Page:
De Rosa, C., Cantrell, J., Havens, A., Hawk, J. & Jenkins, L. (2007). Sharing privacy and trust in our networked world: A report to the OCLC membership. Dublin, Ohio: OCLC. [ebook] Available http://www.oclc.org/reports/pdfs/sharing.pdf

Critical Synthesis

Posted in Uncategorized by sarahcook3 on May 28, 2010

In rereading my initial ponderings as a TL, I find that what I thought was a busy job is really only a part of it. The standards of professional excellence for teacher librarians have opened my eyes.

After reading the Haycock article on resource based learning (RBL) I wondered at how education, like fashion, often resurfaces years down the track. Our school is changing to open/agile learning spaces (which i believe they tried in the 70’s but reverted back when it didn’t work), the difference i think this time is the training that is being offered to support the teachers in the move. The same can be said about RBL.

With collaboration, not cooperation, the TL can educated the class teacher as to the value of RBL to improve student outcomes by providing intrinsic motivation for the student resulting in higher order thinking and deep knowledge creation (QTF).  I have come to realize that we are teachers first with specialist library based skills. At the beginning of this subject I saw the role more as equal. Not anymore. The library is not about the resources it’s about giving the student the tools and skills needed to become an independent, lifelong learner.

I loved the Herring (2007) article on the role of the TL and felt that it portrayed TL’s as essential to providing ‘learning opportunities’ that are challenging for the student, beyond any other role we have, this subject has made me reprioritise my approach to being a TL – improving student outcomes is what it is all about.  While the Haycock article describing the crisis in Canada introduced the concept of gathering evidence of the impact the TL can have, Todd (2007) reinforced this role to the extent that I have begun surveying several classes on their learning experiences with the view to eventually (when time and priority permit) measuring the impact of information literacy on student learning outcomes.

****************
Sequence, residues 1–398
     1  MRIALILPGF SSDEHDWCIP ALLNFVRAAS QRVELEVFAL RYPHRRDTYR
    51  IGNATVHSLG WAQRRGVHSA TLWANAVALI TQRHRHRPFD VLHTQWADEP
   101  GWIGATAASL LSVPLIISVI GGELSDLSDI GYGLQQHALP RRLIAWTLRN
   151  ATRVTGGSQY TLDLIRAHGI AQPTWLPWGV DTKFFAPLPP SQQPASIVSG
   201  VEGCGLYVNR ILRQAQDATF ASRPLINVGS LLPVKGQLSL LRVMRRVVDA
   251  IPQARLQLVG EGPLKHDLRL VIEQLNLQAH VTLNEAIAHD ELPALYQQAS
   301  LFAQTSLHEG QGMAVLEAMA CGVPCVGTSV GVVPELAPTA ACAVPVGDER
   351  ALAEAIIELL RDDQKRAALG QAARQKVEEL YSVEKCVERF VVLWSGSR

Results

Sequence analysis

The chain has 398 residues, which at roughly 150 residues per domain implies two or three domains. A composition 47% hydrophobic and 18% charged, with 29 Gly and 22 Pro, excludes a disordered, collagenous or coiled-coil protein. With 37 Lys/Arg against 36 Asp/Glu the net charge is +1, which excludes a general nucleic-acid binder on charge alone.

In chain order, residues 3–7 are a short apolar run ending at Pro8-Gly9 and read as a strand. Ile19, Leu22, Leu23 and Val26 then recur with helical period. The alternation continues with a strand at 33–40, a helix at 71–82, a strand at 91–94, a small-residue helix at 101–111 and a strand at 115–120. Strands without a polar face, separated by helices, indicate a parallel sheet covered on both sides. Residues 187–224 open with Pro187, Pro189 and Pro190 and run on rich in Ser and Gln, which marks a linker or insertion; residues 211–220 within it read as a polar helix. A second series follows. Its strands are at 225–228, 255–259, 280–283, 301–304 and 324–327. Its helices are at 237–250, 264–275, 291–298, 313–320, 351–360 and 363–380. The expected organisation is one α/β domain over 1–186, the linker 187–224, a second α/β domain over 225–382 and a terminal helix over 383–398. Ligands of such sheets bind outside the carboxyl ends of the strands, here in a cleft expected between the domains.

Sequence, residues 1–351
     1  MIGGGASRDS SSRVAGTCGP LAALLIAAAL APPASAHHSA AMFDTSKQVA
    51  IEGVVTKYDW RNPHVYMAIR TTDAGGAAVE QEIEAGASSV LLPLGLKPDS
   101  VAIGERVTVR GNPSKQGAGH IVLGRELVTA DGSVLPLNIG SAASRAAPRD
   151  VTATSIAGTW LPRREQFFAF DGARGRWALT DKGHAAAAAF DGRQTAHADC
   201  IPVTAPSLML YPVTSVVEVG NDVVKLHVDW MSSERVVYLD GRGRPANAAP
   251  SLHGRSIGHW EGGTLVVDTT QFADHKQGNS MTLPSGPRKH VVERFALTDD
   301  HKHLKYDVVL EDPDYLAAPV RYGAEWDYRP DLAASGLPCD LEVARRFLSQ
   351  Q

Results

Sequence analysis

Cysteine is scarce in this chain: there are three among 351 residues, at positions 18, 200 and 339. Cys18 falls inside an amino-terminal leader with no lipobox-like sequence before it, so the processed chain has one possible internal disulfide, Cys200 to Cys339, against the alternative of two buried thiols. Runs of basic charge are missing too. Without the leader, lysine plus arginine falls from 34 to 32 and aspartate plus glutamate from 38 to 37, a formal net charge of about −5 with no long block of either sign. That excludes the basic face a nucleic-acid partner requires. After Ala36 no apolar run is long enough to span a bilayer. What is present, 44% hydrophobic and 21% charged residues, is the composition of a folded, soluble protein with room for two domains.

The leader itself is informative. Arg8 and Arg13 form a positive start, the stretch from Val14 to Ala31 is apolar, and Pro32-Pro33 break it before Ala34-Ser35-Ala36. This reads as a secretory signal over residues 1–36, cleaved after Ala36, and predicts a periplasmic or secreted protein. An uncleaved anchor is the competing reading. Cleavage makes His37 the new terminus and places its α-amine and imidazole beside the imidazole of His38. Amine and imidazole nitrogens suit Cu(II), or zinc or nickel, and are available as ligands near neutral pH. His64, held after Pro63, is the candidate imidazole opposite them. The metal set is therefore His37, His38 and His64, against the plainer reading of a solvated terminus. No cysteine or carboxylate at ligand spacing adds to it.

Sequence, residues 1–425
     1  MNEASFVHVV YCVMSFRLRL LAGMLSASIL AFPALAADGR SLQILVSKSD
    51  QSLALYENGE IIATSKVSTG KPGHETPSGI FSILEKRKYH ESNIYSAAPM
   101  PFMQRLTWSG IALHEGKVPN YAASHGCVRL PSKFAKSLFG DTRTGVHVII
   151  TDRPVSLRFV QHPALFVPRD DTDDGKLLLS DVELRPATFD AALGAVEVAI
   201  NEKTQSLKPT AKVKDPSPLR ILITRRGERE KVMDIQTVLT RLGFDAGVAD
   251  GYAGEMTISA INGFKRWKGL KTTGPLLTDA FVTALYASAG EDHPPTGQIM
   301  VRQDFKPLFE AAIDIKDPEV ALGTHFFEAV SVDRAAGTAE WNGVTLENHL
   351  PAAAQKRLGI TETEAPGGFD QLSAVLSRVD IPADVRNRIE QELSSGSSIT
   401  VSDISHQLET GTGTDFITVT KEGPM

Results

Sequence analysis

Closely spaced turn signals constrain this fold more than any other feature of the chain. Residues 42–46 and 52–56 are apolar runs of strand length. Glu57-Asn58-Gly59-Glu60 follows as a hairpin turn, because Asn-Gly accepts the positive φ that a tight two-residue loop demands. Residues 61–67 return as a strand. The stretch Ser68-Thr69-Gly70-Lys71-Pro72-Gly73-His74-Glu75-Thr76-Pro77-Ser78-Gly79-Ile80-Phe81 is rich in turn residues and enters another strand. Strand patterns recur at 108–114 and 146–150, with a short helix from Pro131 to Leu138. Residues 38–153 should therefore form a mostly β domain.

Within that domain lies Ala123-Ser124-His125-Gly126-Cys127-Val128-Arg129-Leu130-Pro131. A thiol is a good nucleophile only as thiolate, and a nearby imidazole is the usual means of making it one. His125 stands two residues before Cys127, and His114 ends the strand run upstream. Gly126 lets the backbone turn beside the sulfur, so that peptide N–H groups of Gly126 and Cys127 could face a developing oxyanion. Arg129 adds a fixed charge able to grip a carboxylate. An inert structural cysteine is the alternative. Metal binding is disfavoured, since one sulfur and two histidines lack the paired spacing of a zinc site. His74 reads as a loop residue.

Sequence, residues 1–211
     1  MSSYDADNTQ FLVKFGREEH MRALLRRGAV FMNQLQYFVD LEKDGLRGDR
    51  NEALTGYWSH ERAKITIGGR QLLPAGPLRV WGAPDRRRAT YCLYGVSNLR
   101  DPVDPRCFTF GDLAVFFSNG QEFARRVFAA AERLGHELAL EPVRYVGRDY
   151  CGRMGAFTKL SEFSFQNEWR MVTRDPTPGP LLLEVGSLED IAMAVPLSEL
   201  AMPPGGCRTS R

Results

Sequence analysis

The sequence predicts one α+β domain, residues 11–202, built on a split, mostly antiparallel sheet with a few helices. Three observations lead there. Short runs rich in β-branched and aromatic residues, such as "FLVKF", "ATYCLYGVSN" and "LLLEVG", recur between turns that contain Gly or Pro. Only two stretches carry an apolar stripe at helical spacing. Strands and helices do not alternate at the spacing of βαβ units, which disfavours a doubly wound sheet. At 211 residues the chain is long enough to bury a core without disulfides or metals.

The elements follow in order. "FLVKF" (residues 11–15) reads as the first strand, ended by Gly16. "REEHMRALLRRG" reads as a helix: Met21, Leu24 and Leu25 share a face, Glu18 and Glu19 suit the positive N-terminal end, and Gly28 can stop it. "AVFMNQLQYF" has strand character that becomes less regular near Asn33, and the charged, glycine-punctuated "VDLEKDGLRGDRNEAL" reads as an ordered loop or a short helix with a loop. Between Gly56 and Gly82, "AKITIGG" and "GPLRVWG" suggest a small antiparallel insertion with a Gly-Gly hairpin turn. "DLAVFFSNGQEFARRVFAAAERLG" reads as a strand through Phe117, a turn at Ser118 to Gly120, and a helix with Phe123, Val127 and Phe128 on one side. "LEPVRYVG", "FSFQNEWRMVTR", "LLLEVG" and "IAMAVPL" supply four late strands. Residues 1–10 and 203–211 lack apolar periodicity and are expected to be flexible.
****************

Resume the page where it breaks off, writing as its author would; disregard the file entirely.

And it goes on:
I have been forced to ask myself have I been promoting information literacy through RBL throughout my school?  In reality, have I been doing my job as a TL as recommended by the standards? Still ringing in my ears is the phrase “the standards are something to aspire to”. The examination of various information literacy models served to improve my overall knowledge within this field. There are posters around the school of the NSW information skills process that I referred to regularly with primary classes to varying degrees of success. I now realize that not one model fits all. I want to introduce the students to various models and have them determine which steps and language suit them, much like we do with graphic organizers. I am still pondering how this will become a reality. Teach the basics and encourage the students to use what suits them. Expert instruction and student evaluation at the end of the project (the final step in most models), the development of an information literate school community, a stronger focus on project based learning using the QTF and RBL will give more opportunities for using information literacy models. Small steps with targeted ‘friends of the library’ class teachers (read teachers I already have a working collaboration with, open to change).

I will continue to gain principal support in implementing a true information literate school community and established reciprocal collaboration with the class teachers by continuing with shared leadership opportunities that focus on implementing change (Crotty, 2010). Along with continuing to promote literacy, increasing the online resources available to the students and maintaining a user centred library space – my days will be kept full.

It has been a tremendous ‘eye-opener’ to read the forums and make more time for the Australian Teacher Librarian Network (OZTL_NET). Using both of these discussion facilitators has helped clarify the role of the TL for me particularly in reference to the Gillard inquiry on OZTL_NET and the discussion surrounding principal support, collaboration and the curriculum of module 3. What I have learnt is that I must promote my work and my role as a TL, I must be proactive and be seen as such. The wealth of experience and sharing of valuable, refereed resources has certainly made my job easier.

Finally I will look to the TL standards at regular intervals in my year and determine to continue striving to be the best TL I can be. Although I knew of the standards prior to starting this course, I saw them as daunting and unrealistic, I don’t anymore.